In our federal system of government, the states retain a great deal of authority and autonomy. This is despite the fact that their legislative bodies frequently seem determined to prove that this is a stupid idea.
Various sources have reported on Massachusetts Senate Bill 1384, which would address a vital public safety issue by prohibiting the possession of machetes. This does not apply if said machete is being transported for the purpose of cutting vegetation. It shall be presumed, however, that “such carrying of a machete is not for the purposes of cutting vegetation.” Happily, “[s]uch presumption may be rebutted.” Needless to say, any machete to be carried for the purposes of cutting said vegetation shall be registered with the local police department and a permit obtained to allow said vegetation to be cut with said machete.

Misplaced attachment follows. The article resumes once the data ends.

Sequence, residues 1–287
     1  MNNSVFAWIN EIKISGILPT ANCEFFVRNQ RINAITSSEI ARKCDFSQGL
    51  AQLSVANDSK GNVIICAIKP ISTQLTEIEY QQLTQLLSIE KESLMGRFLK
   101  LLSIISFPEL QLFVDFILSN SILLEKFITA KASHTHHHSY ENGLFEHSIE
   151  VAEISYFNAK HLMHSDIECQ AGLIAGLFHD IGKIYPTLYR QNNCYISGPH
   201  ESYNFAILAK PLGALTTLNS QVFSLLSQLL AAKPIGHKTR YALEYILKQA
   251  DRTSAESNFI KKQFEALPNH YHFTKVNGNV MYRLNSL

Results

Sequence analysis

Not to be outdone, the Mass. House of Representatives has introduced House Bill 1880, which would make it unlawful for any officer of the law to engage in “name-calling or profanity” whilst on duty. Other language in this cleverly drafted provision makes it unlawful to use “language which cast [sic] a negative reflection toward” a characteristic of any individual that would qualify as a “category of negative stereotyping.” This kind of language just screams constitutionality.
The stalwart legislators of Massachusetts have also proposed legislation to preclude children from riding in shopping carts (HB 1880) and to preclude operation of any kayak not equipped with a compass and whistle (HB 1934).